Adversaries may gather credentials from information stored in the Proc filesystem or
/proc. The Proc filesystem on Linux contains a great deal of information regarding the state of the running operating system. Processes running with root privileges can use this facility to scrape live memory of other running programs. If any of these programs store passwords in clear text or password hashes in memory, these values can then be harvested for either usage or brute force attacks, respectively.
This functionality has been implemented in the MimiPenguin, an open source tool inspired by Mimikatz. The tool dumps process memory, then harvests passwords and hashes by looking for text strings and regex patterns for how given applications such as Gnome Keyring, sshd, and Apache use memory to store such authentication artifacts.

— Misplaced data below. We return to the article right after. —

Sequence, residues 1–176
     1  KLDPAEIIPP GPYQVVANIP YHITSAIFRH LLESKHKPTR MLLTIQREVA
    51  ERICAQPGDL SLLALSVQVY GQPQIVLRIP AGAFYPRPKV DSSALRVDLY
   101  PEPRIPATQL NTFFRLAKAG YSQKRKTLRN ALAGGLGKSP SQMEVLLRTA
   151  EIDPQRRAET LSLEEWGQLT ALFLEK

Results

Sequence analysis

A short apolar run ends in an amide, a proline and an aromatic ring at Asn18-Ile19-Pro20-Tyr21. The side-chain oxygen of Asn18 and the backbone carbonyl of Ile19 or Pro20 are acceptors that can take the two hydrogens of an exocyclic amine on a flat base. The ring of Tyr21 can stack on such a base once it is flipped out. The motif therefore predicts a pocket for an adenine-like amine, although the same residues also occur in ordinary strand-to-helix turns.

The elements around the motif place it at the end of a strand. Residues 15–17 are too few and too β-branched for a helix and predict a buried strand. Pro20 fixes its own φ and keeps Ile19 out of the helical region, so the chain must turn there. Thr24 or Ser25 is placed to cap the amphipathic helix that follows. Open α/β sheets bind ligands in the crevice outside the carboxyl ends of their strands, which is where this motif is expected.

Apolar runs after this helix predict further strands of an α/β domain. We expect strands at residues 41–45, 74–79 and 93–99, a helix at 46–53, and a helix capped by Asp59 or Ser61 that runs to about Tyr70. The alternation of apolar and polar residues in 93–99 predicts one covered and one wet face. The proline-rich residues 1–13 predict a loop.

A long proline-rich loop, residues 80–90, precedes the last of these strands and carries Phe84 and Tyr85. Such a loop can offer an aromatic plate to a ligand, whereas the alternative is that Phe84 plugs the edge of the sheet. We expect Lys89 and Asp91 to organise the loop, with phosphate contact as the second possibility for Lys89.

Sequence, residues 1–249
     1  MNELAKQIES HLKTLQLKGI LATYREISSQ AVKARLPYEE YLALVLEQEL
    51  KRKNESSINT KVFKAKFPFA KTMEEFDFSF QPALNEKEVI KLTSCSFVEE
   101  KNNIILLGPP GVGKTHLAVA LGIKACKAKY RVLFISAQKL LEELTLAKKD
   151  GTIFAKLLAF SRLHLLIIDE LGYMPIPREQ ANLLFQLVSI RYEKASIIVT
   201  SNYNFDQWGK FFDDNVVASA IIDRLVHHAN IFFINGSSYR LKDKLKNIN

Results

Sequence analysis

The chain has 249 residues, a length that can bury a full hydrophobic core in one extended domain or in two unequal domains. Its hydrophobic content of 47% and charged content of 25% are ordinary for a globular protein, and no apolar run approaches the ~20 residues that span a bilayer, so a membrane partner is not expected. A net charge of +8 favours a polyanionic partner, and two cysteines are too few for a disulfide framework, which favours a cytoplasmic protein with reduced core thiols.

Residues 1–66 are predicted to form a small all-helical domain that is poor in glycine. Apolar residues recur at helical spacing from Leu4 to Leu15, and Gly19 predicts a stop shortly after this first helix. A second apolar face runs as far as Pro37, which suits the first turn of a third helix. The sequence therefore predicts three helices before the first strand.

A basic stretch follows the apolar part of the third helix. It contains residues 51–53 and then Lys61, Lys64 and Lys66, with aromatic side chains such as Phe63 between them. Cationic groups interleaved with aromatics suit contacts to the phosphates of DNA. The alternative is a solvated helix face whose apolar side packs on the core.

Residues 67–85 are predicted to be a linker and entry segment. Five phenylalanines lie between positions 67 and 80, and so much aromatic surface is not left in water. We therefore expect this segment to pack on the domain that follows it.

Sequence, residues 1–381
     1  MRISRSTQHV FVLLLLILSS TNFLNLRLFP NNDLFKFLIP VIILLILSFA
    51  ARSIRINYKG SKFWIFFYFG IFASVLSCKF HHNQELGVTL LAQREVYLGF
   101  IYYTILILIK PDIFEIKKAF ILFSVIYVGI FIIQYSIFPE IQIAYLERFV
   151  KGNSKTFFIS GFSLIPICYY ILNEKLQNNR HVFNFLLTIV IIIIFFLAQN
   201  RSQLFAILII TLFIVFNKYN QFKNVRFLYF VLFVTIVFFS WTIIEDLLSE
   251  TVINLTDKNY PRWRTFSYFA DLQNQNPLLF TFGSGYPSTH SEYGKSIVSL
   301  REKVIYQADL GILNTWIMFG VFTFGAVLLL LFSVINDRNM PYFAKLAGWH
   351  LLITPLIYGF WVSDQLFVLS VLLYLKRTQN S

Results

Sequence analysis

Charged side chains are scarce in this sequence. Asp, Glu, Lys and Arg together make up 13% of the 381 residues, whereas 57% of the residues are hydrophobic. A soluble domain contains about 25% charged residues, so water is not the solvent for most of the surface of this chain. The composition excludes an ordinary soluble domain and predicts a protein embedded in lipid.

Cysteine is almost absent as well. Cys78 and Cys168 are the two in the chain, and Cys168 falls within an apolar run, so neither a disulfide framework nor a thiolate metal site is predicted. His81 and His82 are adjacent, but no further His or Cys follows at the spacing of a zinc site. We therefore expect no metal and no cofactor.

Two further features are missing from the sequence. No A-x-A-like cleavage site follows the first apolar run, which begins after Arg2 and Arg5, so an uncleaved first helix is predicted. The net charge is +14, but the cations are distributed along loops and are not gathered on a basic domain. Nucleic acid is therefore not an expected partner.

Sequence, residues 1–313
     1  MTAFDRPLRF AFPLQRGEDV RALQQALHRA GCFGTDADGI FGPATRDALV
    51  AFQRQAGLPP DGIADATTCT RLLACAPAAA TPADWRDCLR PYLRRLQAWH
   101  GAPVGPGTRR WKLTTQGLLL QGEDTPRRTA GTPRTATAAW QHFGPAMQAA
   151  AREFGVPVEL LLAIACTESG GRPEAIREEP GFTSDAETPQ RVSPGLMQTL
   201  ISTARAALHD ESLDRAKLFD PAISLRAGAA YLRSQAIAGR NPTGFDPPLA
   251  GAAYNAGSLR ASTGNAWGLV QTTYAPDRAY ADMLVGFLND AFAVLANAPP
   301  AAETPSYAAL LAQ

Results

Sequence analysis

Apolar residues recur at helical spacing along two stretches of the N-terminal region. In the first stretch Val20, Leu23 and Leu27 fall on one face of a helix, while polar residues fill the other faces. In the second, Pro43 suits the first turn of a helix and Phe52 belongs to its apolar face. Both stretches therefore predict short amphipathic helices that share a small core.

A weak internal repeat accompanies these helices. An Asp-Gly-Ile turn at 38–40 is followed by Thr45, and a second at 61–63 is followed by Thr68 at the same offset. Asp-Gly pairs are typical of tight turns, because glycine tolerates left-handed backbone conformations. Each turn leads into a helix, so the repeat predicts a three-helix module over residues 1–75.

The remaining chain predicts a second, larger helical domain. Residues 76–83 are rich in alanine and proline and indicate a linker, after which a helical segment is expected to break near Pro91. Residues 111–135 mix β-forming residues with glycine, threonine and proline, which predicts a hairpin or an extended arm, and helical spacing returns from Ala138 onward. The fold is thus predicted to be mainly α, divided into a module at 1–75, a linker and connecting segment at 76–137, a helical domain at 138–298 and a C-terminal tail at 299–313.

Ensure that root accounts have complex, unique passwords across all systems on the network.
|M1026||Privileged Account Management||
Follow best practices in restricting access to privileged accounts to avoid hostile programs from accessing sensitive information.
|ID||Data Source||Data Component|
To obtain the passwords and hashes stored in memory, processes must open a maps file in the /proc filesystem for the process being analyzed. This file is stored under the path
/proc/*/maps, where the
* directory is the unique pid of the program being interrogated for such authentication data. The AuditD monitoring tool, which ships stock in many Linux distributions, can be used to watch for hostile processes opening this file in the proc file system, alerting on the pid, process name, and arguments of such programs.